It was the night of Shavuos, the anniversary of the giving of the Torah, and the Jews in Jerusalem adhered to the custom of remaining up all night and studying the Torah. Not all, however, could do so, and as the night wore on, a few got up to go home.
One of them went for his coat and found it missing. “My coat,” he cried, “someone has taken my coat.”
An announcement was made and then repeated in the morning but the coat was not returned. The Jews were flabbergasted. It was not the value of the coat that mattered but the fact that in the holy city of Jerusalem, a thief lived.
The rav of the city at the time was Rav Meir Auerbach but Rav Shmuel, though a young man, was already recognized as a genius in Torah.
The Coat Rack
When he saw that all efforts to find the thief were in vain, he asked permission to speak from the pulpit. When it was granted he rose before the entire congregation and spoke about the awesome day of Shavuos when the Torah was given.
“Even the inanimate object knew that this was a special day,” he said. “The moon, the sun, the heavens and even the trees listened as the Almighty said: ‘Thou shall not steal.’”
“This coat rack which held the coat saw the thief and is duty-bound to tell us, for one who saw a crime and does not report it is as guilty as the thief.”
Bending low over the coat rack, Rav Shmuel pretended to listen to it. Straightening up, he turned to the people and said:
“The coat rack will not tell. We must impose upon it the penalty of forty lashes. “
With that, Rav Shmuel took a belt and began to lash the coat rack. Suddenly he stopped and bent over once again:
“What?” he said, “you will tell us? You say that the thief is here and that on the front of his hat he has a little black spot of dirt?”
Looking up quickly, Rav Shmuel noticed a man near the front stealthily examining his hat.
“Come over here,” he shouted, “you are the thief!”
The thief was momentarily confused and he blurted out a confession on the spot.
The people saw the wisdom of the young rabbi and all of them knew that he was destined to be a great leader and teacher in Israel.
The Shaagas Aryeh
Reb Aryeh Leib, the author of the Shaagas Aryeh, was one of the great minds of all times. His genius led him to be very impatient with people, especially with communal leaders who were not worthy of their exalted positions. Because of this he was seldom able to remain as rav in one town for very long, and spent much of his life wandering from city to city, in great poverty.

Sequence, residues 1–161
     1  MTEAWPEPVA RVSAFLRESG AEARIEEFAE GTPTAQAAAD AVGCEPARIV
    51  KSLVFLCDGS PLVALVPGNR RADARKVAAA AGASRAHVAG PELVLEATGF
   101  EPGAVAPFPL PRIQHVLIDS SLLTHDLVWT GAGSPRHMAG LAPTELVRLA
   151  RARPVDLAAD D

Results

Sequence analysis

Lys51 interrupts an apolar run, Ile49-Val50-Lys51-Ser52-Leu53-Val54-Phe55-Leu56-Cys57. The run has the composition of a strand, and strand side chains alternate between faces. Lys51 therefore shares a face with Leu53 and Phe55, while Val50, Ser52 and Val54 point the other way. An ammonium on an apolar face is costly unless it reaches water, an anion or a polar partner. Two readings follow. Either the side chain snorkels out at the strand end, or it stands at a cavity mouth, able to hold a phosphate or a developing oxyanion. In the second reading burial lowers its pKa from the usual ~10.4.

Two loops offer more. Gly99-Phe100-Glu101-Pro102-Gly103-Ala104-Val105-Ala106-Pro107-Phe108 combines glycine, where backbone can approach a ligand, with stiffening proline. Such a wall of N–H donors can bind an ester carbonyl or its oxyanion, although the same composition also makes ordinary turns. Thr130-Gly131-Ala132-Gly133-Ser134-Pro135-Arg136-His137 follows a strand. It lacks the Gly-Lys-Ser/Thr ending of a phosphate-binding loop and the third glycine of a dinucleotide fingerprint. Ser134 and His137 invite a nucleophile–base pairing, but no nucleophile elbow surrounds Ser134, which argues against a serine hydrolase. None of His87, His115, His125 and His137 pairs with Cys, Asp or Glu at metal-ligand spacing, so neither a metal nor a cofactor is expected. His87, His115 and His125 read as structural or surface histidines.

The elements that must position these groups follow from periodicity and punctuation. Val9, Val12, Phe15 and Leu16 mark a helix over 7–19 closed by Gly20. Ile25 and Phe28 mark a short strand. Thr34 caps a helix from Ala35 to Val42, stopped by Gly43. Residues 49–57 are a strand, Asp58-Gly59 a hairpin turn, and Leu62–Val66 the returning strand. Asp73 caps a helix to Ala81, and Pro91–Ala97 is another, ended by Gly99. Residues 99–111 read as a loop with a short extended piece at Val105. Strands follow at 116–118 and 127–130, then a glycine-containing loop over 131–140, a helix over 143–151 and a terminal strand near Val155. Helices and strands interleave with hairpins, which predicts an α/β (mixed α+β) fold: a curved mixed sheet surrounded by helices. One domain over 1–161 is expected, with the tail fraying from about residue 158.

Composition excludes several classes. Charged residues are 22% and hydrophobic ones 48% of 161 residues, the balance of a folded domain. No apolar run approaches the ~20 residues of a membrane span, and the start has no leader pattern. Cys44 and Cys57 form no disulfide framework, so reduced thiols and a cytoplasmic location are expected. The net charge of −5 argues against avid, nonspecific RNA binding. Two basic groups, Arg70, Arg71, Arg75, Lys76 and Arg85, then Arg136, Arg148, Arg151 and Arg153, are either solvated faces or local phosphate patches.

Once, when he reached the city of Koenigsberg, he came to the home of the rav of the city, the great Reb Aryeh Leib Epstein, author of Sefer Hapardes.
Without bothering to introduce himself, the Shaagas Aryeh, began a complicated discussion with the rav of Koenigsberg.
Both giants of Torah rose higher and higher in the intellectual battle, each one asking and the other answering. Finally, the Shaagas Aryeh gained the upper hand and asked a seemingly triumphant question.
The rav of Koenigsberg, however, reached for a sefer on the table and said, “I will answer you from here.” And he proceeded to give an answer from the sefer he held in his hand. It was the Shaagas Aryeh.
When Reb Aryeh Leib saw this he cried out in protest, “You do not understand what the author of the sefer meant! I know what he really wrote.”
The rav of Koenigsberg looked into the eyes of the stranger and saw them burning with a strange and mysterious fire. He suddenly realized that here was the Shaagas Aryeh himself!
“Forgive me,” he cried out, “for not recognizing you.” And rushing out, he ordered that a special room be set aside for his great guest. He insisted that the Shaagas Aryeh remain, and every day he would sit with him and discuss Torah for hours.
A Call From Metz
Several weeks later, a letter arrived for the rav of Koenigsberg from the community of Metz in the Rhine Valley. This city was a great center of Torah in those days. Indeed, in the Middle Ages, it’s rav had been the famous Rabi Eliezer of Metz, the student of the great Rabbeinu Tam and the author of the stupendous work Sefer Yereim.
Opening the letter, the rav of Koenigsberg saw that the leaders of the Metz community had invited him to be their rav. It was a great honor but Reb Aryeh Leib of Koenigsberg never hesitated. He knew what had to be done.
Chooses Shaagas Aryeh
Taking Reb Aryeh Leib, the Shaagas Aryeh, by the hand, he said, “Your Torah proclaims your greatness and your awe of G-d is greater even than your wisdom. You are also strong and unafraid. Because of this it is only proper that you sit upon the chair of the rabbinate of Metz, the position that the great Reb Eliezer once held.”
And this is how the Shaagas Aryeh, at the age of 70, became the rav of Metz.